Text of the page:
Jock Doc

Return to running without getting injured

 

HarlanS@baptisthealth.net

Q. I was inspired by the recent Miami and Fort Lauderdale marathons and have decided to get back into running. I want your advice as to how to return to this sport safely and decrease my risk of getting hurt.

A. Running is a great sport for both physical and mental conditioning. Overuse injuries are common, however, particularly among those who return too aggressively.

It is essential to warm up and stretch before running. Stretching should include hamstrings, quads, the iliotibial band (the tissue that runs outside the thigh), calf muscles and the lower back. It is also important to return on a gradual basis and to do some cross training.

On days when you are not running, good aerobic workouts include cycling, swimming or use of the elliptical. I also recommend training on soft surfaces such as grass, cushioned track, the beach or even a treadmill. I often tell patients that running on cement is good for my business.

Proper shoe wear with support and cushioning is crucial. In addition, do not wait for treads to wear out. By that time, you will already have lost cushioning support. Soft-cushioned orthotics can be placed in your running shoe to decrease the risk of stress fractures and other injuries.

Acclimating to the heat is important. Proper hydration before and during running will help with electrolyte balance and reduce the risk of cramping and dehydration.

I encourage you to go back to running, but take care to prevent overuse injuries.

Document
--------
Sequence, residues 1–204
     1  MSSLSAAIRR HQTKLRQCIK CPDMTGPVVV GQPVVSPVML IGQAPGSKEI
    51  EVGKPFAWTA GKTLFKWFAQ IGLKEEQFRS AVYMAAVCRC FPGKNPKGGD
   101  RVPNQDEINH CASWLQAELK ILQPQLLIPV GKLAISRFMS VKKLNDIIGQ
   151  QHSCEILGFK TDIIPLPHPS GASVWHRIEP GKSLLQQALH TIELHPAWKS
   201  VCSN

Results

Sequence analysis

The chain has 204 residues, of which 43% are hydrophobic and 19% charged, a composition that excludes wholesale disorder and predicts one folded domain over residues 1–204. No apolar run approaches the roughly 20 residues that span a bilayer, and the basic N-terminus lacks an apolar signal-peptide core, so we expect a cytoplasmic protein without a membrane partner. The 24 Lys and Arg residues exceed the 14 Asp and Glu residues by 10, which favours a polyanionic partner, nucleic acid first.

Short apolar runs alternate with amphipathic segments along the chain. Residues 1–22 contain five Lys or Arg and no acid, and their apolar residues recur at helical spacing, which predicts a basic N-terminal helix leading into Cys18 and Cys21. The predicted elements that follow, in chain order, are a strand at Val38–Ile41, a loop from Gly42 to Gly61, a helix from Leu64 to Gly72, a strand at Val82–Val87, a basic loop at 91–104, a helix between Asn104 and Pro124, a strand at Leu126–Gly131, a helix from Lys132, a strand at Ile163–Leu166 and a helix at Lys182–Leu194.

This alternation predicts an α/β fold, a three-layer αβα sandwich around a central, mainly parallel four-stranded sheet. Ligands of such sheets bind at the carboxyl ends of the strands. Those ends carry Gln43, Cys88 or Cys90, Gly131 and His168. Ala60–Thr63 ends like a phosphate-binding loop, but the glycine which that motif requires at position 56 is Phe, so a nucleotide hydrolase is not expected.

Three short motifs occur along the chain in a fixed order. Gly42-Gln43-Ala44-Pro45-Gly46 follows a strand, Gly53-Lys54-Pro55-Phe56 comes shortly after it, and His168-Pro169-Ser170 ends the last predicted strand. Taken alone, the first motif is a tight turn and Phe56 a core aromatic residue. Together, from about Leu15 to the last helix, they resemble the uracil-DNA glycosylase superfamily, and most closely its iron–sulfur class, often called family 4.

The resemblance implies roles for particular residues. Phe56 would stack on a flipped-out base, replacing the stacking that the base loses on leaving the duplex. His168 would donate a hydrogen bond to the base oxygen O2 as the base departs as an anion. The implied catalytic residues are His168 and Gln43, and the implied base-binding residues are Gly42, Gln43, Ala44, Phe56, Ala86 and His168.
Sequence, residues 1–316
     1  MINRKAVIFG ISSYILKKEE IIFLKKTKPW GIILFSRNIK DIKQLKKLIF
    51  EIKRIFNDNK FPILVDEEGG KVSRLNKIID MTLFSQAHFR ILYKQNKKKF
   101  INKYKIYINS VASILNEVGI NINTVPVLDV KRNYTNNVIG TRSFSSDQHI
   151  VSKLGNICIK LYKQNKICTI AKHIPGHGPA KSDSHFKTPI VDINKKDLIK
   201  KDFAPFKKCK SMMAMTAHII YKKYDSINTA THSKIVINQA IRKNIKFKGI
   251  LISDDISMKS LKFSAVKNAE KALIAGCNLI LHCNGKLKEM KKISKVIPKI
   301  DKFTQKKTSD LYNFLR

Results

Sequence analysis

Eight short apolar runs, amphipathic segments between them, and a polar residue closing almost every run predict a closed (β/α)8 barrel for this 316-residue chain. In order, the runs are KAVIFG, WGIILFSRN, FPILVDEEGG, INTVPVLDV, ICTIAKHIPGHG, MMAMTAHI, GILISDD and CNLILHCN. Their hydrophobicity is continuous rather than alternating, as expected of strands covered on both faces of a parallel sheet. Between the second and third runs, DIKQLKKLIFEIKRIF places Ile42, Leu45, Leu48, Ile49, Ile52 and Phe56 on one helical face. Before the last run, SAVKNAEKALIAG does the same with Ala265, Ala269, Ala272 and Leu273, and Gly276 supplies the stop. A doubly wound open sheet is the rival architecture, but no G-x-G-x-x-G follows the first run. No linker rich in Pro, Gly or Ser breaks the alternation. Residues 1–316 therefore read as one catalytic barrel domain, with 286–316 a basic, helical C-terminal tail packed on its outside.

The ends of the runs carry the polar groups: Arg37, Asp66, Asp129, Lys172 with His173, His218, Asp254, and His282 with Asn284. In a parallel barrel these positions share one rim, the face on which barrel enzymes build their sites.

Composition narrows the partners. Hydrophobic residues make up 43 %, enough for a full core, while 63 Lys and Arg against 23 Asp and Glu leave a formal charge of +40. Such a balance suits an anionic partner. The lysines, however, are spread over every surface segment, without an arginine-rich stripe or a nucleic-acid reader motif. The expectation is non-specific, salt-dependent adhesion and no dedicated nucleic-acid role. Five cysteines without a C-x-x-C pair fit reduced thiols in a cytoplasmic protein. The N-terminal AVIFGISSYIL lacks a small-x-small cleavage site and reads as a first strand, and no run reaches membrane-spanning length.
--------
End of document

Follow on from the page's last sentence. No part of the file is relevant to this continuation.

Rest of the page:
Dr. Harlan Selesnick is team physician of the Miami Heat and director of Miami Sports Medicine Fellowship, Doctor’s Hospital. Send your questions to HarlanS@baptisthealth.net

Read more Health stories from the Miami Herald

  • Skin Deep

    A Closer Look at Melasma

    Skin discoloration, or hyperpigmentation, is usually a sign of sun damage that begins to worsen as years of unprotected sun exposure rise to the surface of the skin. While typical age spots become visible around the late ‘30s and early ‘40s, a skin condition called melasma usually makes its presence known much earlier.

  • Chew on This

    Food-based therapies becoming mainstream

    Morning television can educate and infuriate.

  •  
 <span class="cutline_leadin">Very veggie:</span> While veggie burgers are better than they used to be, condiments like a Moroccan spice paste help bring their flavor to life.

    The Edgy Veggie

    Taste-testing the new wave of veggie burgers

    The first wave of commercial veggie burgers had issues.

Miami Herald

Join the
Discussion

The Miami Herald is pleased to provide this opportunity to share information, experiences and observations about what's in the news. Some of the comments may be reprinted elsewhere on the site or in the newspaper. We encourage lively, open debate on the issues of the day, and ask that you refrain from profanity, hate speech, personal comments and remarks that are off point. Thank you for taking the time to offer your thoughts.

The Miami Herald uses Facebook's commenting system. You need to log in with a Facebook account in order to comment. If you have questions about commenting with your Facebook account, click here.

Have a news tip? You can send it anonymously. Click here to send us your tip - or - consider joining the Public Insight Network and become a source for The Miami Herald and el Nuevo Herald.

Hide Comments

This affects comments on all stories.

Cancel OK

  • Marketplace

Today's Circulars

  • Quick Job Search

Enter Keyword(s) Enter City Select a State Select a Category